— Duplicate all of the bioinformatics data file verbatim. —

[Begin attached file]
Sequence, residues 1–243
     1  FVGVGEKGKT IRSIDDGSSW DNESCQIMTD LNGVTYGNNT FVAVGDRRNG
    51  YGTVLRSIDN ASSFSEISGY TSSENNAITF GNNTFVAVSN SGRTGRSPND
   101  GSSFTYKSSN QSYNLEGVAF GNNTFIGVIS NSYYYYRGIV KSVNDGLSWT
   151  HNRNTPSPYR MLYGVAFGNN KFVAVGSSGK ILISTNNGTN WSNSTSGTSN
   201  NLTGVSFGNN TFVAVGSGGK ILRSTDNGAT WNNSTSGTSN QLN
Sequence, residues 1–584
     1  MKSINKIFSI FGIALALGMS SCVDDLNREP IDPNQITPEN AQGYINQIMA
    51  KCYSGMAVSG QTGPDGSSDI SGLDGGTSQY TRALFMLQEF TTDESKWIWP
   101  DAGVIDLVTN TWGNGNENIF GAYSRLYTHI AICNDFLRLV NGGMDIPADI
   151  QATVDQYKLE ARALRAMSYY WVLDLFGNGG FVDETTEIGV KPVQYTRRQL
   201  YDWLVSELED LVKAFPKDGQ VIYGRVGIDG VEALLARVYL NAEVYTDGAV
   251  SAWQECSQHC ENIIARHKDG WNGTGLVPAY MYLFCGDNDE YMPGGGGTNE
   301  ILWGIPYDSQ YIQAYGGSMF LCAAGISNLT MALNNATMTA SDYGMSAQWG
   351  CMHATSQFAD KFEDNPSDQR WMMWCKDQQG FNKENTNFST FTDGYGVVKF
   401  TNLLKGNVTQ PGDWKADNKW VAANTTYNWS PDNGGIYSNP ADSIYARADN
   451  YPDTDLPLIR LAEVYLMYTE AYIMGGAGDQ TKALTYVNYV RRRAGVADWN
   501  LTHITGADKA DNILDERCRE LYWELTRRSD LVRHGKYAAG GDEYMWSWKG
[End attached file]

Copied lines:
Sequence, residues 1–243
     1  FVGVGEKGKT IRSIDDGSSW DNESCQIMTD LNGVTYGNNT FVAVGDRRNG
    51  YGTVLRSIDN ASSFSEISGY TSSENNAITF GNNTFVAVSN SGRTGRSPND
   101  GSSFTYKSSN QSYNLEGVAF GNNTFIGVIS NSYYYYRGIV KSVNDGLSWT
   151  HNRNTPSPYR MLYGVAFGNN KFVAVGSSGK ILISTNNGTN WSNSTSGTSN
   201  NLTGVSFGNN TFVAVGSGGK ILRSTDNGAT WNNSTSGTSN QLN
Sequence, residues 1–584
     1  MKSINKIFSI FGIALALGMS SCVDDLNREP IDPNQITPEN AQGYINQIMA
    51  KCYSGMAVSG QTGPDGSSDI SGLDGGTSQY TRALFMLQEF TTDESKWIWP
   101  DAGVIDLVTN TWGNGNENIF GAYSRLYTHI AICNDFLRLV NGGMDIPADI
   151  QATVDQYKLE ARALRAMSYY WVLDLFGNGG FVDETTEIGV KPVQYTRRQL
   201  YDWLVSELED LVKAFPKDGQ VIYGRVGIDG VEALLARVYL NAEVYTDGAV
   251  SAWQECSQHC ENIIARHKDG WNGTGLVPAY MYLFCGDNDE YMPGGGGTNE
   301  ILWGIPYDSQ YIQAYGGSMF LCAAGISNLT MALNNATMTA SDYGMSAQWG
   351  CMHATSQFAD KFEDNPSDQR WMMWCKDQQG FNKENTNFST FTDGYGVVKF
   401  TNLLKGNVTQ PGDWKADNKW VAANTTYNWS PDNGGIYSNP ADSIYARADN
   451  YPDTDLPLIR LAEVYLMYTE AYIMGGAGDQ TKALTYVNYV RRRAGVADWN
   501  LTHITGADKA DNILDERCRE LYWELTRRSD LVRHGKYAAG GDEYMWSWKG